GREATER NASHVILLE REGIONAL COUNCIL
Local leaders from the participating cities of Nashville, Franklin, Brentwood, Spring Hill, Columbia, Thompsons Station, Mt. Juliet, Lebanon, Murfreesboro, LaVergne, Smyrna, Gallatin, Hendersonville, and Springfield will gather Friday morning to examine smart mobility applications across the region and assess priorities for implementing future technology investments.
The Greater Nashville Regional Council (GNRC), supported by leading design and engineering firm Stantec, will host the “Design Spark” half-day workshop beginning at 8 a.m. on May 31 at the Adventure Science Center near Fort Negley in Nashville.
The region’s first Regional Smart Mobility Assessment is meant to inform the implementation of future investments in mobility technology. This effort will identify characteristics of connected systems, assess how they will interface with multimodal systems, and address data sharing among cities, counties and the state, as well as identify privacy concerns of the public.
Stantec, the lead consultant for the GNRC’s Regional Smart Mobility Assessment, hosted anon smart mobility and resiliency. This “Design Spark” will provide an overview of efforts so far, including a review of mobility practices in the region, corridor readiness, and best practices from other cities. Participants — which will include chief elected officials, city planners, academic institutions, consultants, and departments of transportation — will also participate in break-out sessions to discuss prioritization.
Through this assessment, GNRC is working with local and state governments, universities, and the private sector to ensure a regional vision around smart mobility that is inclusive and supportive of the high quality of life residents expect. This assessment will provide a long-range framework to help the transportation system prepare for and thrive in a multimodal environment where vehicles are connected, shared, and automated.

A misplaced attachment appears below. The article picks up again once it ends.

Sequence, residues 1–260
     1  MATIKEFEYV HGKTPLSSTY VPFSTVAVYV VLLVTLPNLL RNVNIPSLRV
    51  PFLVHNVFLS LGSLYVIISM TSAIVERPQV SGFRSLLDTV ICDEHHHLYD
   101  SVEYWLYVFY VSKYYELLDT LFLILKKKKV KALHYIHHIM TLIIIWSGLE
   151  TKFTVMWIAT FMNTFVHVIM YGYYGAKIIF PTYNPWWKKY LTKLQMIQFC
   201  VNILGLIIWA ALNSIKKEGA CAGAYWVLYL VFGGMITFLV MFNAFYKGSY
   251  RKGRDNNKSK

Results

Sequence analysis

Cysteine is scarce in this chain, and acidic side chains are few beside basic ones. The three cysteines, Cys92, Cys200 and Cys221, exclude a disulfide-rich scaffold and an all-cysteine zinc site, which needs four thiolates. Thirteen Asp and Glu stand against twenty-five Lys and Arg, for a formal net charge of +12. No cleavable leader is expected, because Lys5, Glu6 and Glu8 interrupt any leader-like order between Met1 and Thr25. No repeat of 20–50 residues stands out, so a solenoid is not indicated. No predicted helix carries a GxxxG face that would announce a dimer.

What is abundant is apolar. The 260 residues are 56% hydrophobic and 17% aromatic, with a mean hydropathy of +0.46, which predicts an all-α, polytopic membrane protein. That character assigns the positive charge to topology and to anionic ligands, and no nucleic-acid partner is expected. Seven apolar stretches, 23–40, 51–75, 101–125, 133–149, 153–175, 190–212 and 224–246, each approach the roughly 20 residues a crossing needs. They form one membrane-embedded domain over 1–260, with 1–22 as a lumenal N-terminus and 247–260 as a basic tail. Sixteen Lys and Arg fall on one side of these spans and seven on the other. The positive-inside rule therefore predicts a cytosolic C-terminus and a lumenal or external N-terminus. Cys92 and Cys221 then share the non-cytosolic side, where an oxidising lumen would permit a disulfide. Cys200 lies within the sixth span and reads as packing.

The Regional Smart Mobility Assessment final report will be used to inform local jurisdictions of opportunities to improve transportation locally and regionally through investments in technology, to identify critical characteristics of connected systems as they pertain to multimodal infrastructure along with methods to interface with individual users, to describe how service and data sharing agreements could be structured between local, state, public, and private stakeholders of the transportation system, to identify the location and type of communication infrastructure needs throughout the region, and detail how investments in technology can reduce traffic and emissions, improve health and safety, benefit economic development, enrich the transportation planning process, and identify opportunities for private‐sector collaboration and investment.